The leggy gearing, torque biased long stroke engine and leaf sprung rear suspension made sure that even the GLT with its 2.0i plant was not really much faster and certainly no where near as nimble than say an XR3i. Also, it was rather too big compared to rivals, looked clumsy and boxy and didn’t really handle that well, but it got worse inside too. Owing to gearbox being in the rear axle assembly and the fuel tank position being under the rear seat cushion, sitting in the back of one was rather like travelling inside a charabanc as the rear seat was a few inches higher than those sat in the front. But boy were they comfortable chairs.
The boot sill was too high, there wasn’t that much rear legroom and they drank like the guests at a Gypsy post – funeral wake… but I loved ’em, so did the Volvo customers and everyone I’ve ever known who ran one. Just like the advert depicted, the Volvo 300 series was tough as nails. The motor trade used to call them bird cages – mainly because of all the metal bars and impact beams built into the body shell. To say they were almost indestructible would be pretty much bang on the money, those of you of a certain age will remember the advert with the kamikaze test dummy driving one out of an upstairs window surely? It was for the 340 actually but you’ll get the gist.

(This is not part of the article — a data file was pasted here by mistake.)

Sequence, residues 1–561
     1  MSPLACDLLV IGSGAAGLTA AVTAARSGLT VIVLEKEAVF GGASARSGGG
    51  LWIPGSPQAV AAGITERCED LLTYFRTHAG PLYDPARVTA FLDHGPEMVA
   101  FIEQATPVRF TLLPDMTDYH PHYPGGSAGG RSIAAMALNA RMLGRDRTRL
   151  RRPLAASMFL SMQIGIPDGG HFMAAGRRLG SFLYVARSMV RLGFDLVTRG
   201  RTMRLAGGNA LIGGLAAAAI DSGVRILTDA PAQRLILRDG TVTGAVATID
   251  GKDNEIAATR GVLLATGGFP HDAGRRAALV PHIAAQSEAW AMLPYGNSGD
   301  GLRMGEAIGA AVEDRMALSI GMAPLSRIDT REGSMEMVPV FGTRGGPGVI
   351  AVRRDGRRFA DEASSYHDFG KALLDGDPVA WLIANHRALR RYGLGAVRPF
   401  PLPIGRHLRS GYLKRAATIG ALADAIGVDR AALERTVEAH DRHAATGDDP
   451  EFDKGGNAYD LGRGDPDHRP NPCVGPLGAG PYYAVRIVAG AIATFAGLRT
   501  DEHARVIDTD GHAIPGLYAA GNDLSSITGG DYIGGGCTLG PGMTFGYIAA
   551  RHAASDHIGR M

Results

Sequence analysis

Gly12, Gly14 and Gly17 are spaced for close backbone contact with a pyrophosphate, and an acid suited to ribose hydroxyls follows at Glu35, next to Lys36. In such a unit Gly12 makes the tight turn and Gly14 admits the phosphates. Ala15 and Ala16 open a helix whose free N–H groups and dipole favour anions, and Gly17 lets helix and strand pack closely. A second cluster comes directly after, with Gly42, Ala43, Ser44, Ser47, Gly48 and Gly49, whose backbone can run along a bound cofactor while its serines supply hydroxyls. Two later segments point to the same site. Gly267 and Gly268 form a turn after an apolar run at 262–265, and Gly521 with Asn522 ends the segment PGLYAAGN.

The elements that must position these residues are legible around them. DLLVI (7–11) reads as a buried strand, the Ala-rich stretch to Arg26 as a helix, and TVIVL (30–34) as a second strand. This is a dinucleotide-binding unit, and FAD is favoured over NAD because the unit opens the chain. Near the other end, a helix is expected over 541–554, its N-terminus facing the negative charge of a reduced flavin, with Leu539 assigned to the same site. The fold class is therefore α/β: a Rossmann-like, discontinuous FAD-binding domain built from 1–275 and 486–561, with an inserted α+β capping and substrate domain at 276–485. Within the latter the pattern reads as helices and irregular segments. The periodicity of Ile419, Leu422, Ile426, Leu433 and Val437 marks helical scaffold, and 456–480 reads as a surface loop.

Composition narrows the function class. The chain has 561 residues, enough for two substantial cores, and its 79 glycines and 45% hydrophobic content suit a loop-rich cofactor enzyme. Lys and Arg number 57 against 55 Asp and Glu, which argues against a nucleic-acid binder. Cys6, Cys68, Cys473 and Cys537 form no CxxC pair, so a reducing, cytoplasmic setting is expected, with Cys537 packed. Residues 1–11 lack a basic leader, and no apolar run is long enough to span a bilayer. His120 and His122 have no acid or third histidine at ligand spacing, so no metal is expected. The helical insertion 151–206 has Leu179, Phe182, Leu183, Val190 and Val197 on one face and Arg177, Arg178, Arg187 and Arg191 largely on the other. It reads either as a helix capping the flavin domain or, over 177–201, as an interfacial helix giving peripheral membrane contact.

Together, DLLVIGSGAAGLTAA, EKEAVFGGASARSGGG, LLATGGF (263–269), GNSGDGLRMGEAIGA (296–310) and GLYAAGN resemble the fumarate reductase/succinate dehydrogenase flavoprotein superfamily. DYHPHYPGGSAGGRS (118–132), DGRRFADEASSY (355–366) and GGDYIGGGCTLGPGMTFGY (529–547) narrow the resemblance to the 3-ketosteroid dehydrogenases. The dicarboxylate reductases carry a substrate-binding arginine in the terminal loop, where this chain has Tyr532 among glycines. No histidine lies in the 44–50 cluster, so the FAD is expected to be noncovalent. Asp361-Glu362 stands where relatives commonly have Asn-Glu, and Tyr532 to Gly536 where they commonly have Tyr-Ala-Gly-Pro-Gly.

Another personal contact of mine ran a 360GLT who wrote one off during a midnight race along the A428. Overcooking the rear end on a wet bend found him spinning off the road, hurtle through a picket fence and barrel roll down a ten foot embankment into a rapeseed crop field… landing on its side. Going back to the scene of the crime the following day and pushing the stricken Swede onto its feet again, the farmer was silenced with money and his services were hired to drag the plucky lucky Volvo out of the field and back onto the main road. With a bit of tinkering it fired up and drove, albeit rather wobbly, back to Northampton… to be scrapped.